This channel has a very high output of three videos per week. As one of the early cooking channels, One Pot Chef has built up an impressive subscriber base. His success can be attributed to understanding his audience’s wish for simple everyday no fuss recipes in one pot that don’t require a lot of cleaning and washing up afterwards. Aussie Griller is another channel with a similar appeal that focuses on recipes for the BBQ.
In keeping with the theme, David Chilcott comes across across as an enthusiastic down to earth presenter and the channel has modest production values. His success has enabled him to sell cookbooks now on ITunes. Here is a link to my interview with David where he was able to share some of the secrets of his success.
Launched Jan 2012. 11k subscribers. 54 videos posted.
Theme – Seasonal recipes from Bondi. A passion for food, fun and outdoors.
New video posted every Thursday.
The concept is novel rather than unique. Mark and Guy are a couple of surfing buddies. Guy is a trained chef, whilst Mark is a filmmaker. This show would be more expensive to make with higher production values and more talent involved. The show shoots on location at times showcasing the attractive beaches and surrounds of Bondi in Sydney giving it an energy and appeal of a travel show that differentiates it from other purely in kitchen cooking channels. The presenter/s are also attractive and engaging which adds to the aspirational appeal of the show. It will be interesting to see whether interest in this channel can continue to be built and sustained. They also build on their profile by hosting pop up cooking events in Bondi, Sydney.
Update – Aug 2014
The profile of Guy Turland of Bondi Harvest is rising quickly. Two weeks ago, Guy cooked in front of a live audience iin New York City for the Today show on NBC. I love his quote from the SMH article.
“I’m still pinching myself and wondering how this all happened from two buddies making videos in our backyard.”
Update – Dec 2014
Guy Turland and Mark Alston have now opened a Bondi Harvest restaurant in Sydney at Westfield Bondi Junction.
Update – May 2016
Their star continues to rise, opening Bondi Harvest Cafe in Santa Monica, California
Launched in Aug 2011. 940 subscribers. 38 videos posted.
Theme – Live Life, Eat Well, Travel Far.
No clear communication on when new videos will be posted.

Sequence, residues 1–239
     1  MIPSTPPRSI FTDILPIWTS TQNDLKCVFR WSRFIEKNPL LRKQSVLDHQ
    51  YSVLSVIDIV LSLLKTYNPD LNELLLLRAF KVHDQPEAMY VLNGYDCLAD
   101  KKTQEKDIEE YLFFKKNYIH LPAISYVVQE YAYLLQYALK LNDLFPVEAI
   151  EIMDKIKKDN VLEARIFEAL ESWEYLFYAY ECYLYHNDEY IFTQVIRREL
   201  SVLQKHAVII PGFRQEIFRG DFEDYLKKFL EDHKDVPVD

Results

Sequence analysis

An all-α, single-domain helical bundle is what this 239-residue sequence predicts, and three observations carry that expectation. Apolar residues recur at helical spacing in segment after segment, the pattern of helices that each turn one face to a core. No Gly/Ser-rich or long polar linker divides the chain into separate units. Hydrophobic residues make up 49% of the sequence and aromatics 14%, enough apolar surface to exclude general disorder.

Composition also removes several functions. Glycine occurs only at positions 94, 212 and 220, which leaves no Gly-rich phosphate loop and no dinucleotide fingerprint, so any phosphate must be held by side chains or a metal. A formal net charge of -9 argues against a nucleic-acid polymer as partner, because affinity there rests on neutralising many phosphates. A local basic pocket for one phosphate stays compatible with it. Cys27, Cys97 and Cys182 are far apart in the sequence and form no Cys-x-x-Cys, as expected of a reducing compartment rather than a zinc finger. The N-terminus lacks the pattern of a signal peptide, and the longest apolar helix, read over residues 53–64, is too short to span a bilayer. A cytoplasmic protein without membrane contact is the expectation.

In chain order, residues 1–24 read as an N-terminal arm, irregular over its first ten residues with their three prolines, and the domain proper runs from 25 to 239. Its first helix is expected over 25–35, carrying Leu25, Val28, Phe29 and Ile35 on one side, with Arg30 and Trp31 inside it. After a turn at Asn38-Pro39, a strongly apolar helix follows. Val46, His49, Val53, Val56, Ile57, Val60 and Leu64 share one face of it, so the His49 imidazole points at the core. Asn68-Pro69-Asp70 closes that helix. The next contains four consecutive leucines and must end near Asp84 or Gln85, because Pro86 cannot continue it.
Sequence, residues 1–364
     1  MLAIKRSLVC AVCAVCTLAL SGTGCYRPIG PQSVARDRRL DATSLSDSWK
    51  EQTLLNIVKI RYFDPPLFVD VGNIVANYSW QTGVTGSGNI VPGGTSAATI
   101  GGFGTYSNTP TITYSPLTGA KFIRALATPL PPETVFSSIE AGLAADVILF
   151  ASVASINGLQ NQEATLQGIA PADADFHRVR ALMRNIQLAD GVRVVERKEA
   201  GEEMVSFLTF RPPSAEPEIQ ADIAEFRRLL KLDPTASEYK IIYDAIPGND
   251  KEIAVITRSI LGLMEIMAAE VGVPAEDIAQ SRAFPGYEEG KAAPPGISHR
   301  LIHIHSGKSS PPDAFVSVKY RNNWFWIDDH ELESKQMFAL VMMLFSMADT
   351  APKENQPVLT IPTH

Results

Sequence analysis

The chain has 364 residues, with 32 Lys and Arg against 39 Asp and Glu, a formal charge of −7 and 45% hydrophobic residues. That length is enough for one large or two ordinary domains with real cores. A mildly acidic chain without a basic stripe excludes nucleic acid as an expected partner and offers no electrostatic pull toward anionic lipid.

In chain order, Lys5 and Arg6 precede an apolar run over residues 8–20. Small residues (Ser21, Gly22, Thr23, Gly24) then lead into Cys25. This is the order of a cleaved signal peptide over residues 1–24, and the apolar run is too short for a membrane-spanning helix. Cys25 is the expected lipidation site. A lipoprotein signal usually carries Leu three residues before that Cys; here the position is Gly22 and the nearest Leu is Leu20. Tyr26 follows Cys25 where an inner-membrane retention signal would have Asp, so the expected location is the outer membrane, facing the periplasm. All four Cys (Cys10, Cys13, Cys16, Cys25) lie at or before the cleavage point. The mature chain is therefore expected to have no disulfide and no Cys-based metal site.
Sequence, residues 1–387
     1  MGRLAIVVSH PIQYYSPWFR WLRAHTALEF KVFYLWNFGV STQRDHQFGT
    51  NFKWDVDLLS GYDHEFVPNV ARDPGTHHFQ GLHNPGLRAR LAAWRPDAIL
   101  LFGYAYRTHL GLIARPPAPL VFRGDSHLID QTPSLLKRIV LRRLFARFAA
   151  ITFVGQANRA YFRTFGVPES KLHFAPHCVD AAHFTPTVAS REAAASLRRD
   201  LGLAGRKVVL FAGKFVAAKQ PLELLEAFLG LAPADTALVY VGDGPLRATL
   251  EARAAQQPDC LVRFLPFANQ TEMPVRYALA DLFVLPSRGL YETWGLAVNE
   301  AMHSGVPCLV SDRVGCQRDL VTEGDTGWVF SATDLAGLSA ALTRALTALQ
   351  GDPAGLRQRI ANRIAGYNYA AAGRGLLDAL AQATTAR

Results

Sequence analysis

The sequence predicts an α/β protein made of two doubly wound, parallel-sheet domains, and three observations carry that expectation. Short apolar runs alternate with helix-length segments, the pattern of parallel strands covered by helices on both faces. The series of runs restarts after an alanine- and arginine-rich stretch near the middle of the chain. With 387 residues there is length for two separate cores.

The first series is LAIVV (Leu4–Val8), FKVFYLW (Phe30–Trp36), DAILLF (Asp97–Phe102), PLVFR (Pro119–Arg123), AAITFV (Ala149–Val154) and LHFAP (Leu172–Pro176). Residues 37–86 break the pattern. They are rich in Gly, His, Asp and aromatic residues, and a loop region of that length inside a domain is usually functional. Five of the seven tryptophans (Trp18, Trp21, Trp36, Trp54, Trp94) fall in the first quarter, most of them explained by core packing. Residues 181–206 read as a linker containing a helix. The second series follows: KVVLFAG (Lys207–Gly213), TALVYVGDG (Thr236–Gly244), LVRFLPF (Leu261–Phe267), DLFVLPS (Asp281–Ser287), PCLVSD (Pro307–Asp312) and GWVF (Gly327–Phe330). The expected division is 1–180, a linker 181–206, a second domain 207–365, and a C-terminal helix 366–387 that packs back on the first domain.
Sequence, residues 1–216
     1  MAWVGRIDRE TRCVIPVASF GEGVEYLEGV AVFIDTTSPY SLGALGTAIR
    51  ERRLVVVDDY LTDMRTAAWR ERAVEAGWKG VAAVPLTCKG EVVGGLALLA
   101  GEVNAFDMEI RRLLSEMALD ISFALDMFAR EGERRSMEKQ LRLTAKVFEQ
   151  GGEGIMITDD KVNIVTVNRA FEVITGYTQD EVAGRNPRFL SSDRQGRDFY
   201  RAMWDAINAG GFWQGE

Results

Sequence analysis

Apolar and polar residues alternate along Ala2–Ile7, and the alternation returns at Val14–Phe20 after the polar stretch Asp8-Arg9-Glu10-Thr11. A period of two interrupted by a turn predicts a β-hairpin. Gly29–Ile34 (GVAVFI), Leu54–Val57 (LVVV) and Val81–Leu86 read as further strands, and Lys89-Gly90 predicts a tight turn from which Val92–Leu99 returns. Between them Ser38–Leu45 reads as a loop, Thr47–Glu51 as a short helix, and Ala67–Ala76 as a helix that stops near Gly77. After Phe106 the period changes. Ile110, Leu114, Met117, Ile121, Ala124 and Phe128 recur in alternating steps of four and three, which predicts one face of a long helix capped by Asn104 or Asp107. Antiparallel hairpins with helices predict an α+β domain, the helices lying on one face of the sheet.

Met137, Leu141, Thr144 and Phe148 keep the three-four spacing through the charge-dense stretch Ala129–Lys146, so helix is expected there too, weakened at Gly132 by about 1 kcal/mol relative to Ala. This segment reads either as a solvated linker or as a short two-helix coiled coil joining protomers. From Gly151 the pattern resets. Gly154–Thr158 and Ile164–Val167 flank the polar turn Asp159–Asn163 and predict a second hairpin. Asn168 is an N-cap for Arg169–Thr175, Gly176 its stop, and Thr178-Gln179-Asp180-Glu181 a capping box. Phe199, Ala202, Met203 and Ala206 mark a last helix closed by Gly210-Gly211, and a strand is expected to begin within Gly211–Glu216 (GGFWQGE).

Hayden Quinn is an ex MasterChef contestant from series 3 in 2011, who to date has only 940 subscribers. It shows that having a profile on a high rating television cooking show doesn’t directly translate into having a ready made audience and subscriber base on You Tube. There doesn’t appear to be a distinctive theme to this channel which maybe reflects the modest subscriber numbers. The introductory video describes the recipes as being exciting, different, fun and healthy. The tone of the videos seem to be about promoting Hayden and his cookbook Dish It Up first, rather than being primarily an educational experience. With each successive series of MasterChef it will be harder and harder for ex-contestants to stand out and differentiate themselves without an unique idea.
Update – Nov 2014
Hayden has just launched a new series on Foxtel called The Dinner Project, in conjunction with Meat & Livestock Australia. Comprising six half hour episodes, the series involves Hayden travelling around Australia, visiting reluctant cooks to inspire them to cook full stop. And when they do cook, to cook more interesting everyday meals.
Launched in Mar 2009. 901 subscribers.
Theme – Learn to cook Malaysian food.
No clear communication on when new videos will be posted.
Jackie is a Sydney chef and media personality who used to own a Malaysian restaurant of the same name, which she closed in 2013. On the positive side, Jackie is passionate and very knowledgable about her subject matter. On the negative side the channel theme is not really unique. There being many how to cook Asian incl Malaysian food channels. Some of the videos are way too long. They appear to be virtually all raw footage and need serious editing. The first minute of the video in the link below is a case in point. Videos on topics such as how to peroxide your hair don’t really fit with the theme of the channel. There is also over the top and unnecessary branding in the videos, in some cases obscuring what she is making on the bench.
Launched in Nov 2011. 13.6k subscribers. 30 videos
Theme – My favourite foods and recipes
Jordy is a Brisbane based journalism student, who not only has her own cooking channel – Jordy’s Cooking, she also has 2 other You Tube channels. These are Jordy’s Beauty Spot and Jordy’s Life. These two channels have 17k and 2.5k subscribers respectively.
Jordy has proven that despite having no unique channel theme nor any obvious chef or cooking qualifications, having passion, enthusiasm and knowledge of the subject, you can still build up an impressive subscriber base.
Interestingly, her posts on Jordy’s Cooking and Jordy’s Life are becoming less frequent. Her main focus and time now appear to be devoted to Jordy’s Beauty Spot, where she has posted over 156 videos by comparison.
In addition to the above Cakes by ChoppA, One Pot Chef, Aussie Griller and Bondi Harvest are also part of the aggregated Tastemade network on You Tube which currently has over 252k subscribers and shows over 100+ food and cooking channels.
by Konrad Markham